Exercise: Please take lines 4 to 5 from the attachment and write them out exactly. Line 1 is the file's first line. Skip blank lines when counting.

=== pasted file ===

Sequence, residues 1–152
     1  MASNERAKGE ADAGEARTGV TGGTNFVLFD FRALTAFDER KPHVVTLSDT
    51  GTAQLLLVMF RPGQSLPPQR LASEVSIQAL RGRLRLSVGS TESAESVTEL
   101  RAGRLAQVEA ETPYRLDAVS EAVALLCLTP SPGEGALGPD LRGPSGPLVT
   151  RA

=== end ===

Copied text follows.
   101  RAGRLAQVEA ETPYRLDAVS EAVALLCLTP SPGEGALGPD LRGPSGPLVT
   151  RA